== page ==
Robotics Pioneer Brooks Called to Jury Duty—at Sundance Film Festival
I know for a fact that robotics guru and Xconomist Rod Brooks was looking forward to next Thursday’s Xconomy Battle of the Tech Bands 2, both because it’s across the street from his Central Square-based Heartland Robotics company—and because he’s spoken enthusiastically about rocking out with us several times.
So it was a blow when he e-mailed me that he can’t make it because he’s going to be out of town. I was readying my protest until I clicked on the link he sent me by way of explanation: Turns out Brooks is one of 24 privileged people called to sit on juries for the Sundance Film Festival, which opens today in Park City, Ogden, Salt Lake City, and Sundance, Utah. The event runs through Jan. 25, several days after the Battle.
Brooks will be sitting on the Alfred P. Sloan Foundation jury, one of six juries at the festival. Its job is to award the Alfred P. Sloan Prize to “the writer and director of an outstanding feature film focusing on science or technology as a theme, or depicting a scientist, engineer, or mathematician as a major character,” according to indieWIRE.
“I don’t really know how this came about,” Brooks wrote me, “but perhaps it has to do with this thing I did out in LA in November.” Then he sent another link (guess he likes links) to a story about a symposium he took part in, led by Family Guy’s Seth McFarlane, that discussed new technologies for science and entertainment. Brooks also has a film-industry connection through Bedford, MA-based iRobot, which he co-founded. He and fellow iRobot founders Helen Greiner and Colin Angle (who had a small part in last year’s film 21, about the MIT blackjack team) appeared in the 2004 documentary Sentient Machines: Robotic Behavior. Before that, Brooks landed a spot in the 1997 Errol Morris film, Fast, Cheap and Out of Control.)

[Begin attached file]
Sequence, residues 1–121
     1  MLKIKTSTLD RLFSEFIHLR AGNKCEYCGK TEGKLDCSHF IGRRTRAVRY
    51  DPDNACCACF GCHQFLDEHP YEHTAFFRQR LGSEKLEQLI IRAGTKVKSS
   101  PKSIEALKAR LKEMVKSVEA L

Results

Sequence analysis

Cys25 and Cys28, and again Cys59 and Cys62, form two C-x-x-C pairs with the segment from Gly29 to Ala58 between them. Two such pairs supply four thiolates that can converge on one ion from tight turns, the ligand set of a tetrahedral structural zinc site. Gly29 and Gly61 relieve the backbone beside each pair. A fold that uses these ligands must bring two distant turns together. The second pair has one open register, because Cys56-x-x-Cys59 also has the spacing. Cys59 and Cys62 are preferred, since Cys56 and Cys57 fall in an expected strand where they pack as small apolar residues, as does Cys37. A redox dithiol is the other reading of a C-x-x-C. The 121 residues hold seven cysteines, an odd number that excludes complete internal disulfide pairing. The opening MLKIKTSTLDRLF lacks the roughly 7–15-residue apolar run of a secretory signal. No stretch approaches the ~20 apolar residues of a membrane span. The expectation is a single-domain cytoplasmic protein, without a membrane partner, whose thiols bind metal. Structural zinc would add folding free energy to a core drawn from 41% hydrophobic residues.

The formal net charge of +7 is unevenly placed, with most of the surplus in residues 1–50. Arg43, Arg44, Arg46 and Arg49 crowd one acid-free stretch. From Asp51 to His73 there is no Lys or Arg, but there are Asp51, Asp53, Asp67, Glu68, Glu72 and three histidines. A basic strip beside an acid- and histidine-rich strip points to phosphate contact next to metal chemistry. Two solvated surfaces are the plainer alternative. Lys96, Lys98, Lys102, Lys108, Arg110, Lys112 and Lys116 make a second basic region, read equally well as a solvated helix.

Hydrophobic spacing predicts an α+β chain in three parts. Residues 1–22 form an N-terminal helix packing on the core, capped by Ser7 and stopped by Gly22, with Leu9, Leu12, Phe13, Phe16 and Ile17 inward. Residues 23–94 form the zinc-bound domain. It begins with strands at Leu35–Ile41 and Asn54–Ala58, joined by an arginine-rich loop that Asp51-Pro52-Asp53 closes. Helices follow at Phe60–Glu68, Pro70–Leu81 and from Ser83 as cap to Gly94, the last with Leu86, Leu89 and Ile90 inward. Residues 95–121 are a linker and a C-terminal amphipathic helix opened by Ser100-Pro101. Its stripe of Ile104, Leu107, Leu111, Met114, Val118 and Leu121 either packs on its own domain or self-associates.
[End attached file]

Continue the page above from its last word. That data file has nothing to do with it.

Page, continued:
Whatever the reason for his jury selection, we wish him a great time. Ski on, Watch on, Rod.